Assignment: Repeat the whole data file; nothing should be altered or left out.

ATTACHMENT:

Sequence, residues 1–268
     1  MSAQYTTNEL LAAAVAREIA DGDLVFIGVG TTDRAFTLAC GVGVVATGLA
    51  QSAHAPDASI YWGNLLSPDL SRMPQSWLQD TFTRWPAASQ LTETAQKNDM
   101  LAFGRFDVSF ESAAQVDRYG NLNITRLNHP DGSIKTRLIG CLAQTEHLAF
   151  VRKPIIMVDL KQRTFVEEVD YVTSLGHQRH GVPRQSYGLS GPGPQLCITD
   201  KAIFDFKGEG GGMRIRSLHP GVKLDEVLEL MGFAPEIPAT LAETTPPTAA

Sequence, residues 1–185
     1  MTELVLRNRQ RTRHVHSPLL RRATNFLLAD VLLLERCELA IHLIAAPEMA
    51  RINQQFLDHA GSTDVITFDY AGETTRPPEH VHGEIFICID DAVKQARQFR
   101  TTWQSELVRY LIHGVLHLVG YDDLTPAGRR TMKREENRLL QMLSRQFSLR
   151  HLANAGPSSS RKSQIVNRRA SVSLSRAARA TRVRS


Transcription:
Sequence, residues 1–268
     1  MSAQYTTNEL LAAAVAREIA DGDLVFIGVG TTDRAFTLAC GVGVVATGLA
    51  QSAHAPDASI YWGNLLSPDL SRMPQSWLQD TFTRWPAASQ LTETAQKNDM
   101  LAFGRFDVSF ESAAQVDRYG NLNITRLNHP DGSIKTRLIG CLAQTEHLAF
   151  VRKPIIMVDL KQRTFVEEVD YVTSLGHQRH GVPRQSYGLS GPGPQLCITD
   201  KAIFDFKGEG GGMRIRSLHP GVKLDEVLEL MGFAPEIPAT LAETTPPTAA

Sequence, residues 1–185
     1  MTELVLRNRQ RTRHVHSPLL RRATNFLLAD VLLLERCELA IHLIAAPEMA
    51  RINQQFLDHA GSTDVITFDY AGETTRPPEH VHGEIFICID DAVKQARQFR
   101  TTWQSELVRY LIHGVLHLVG YDDLTPAGRR TMKREENRLL QMLSRQFSLR
   151  HLANAGPSSS RKSQIVNRRA SVSLSRAARA TRVRS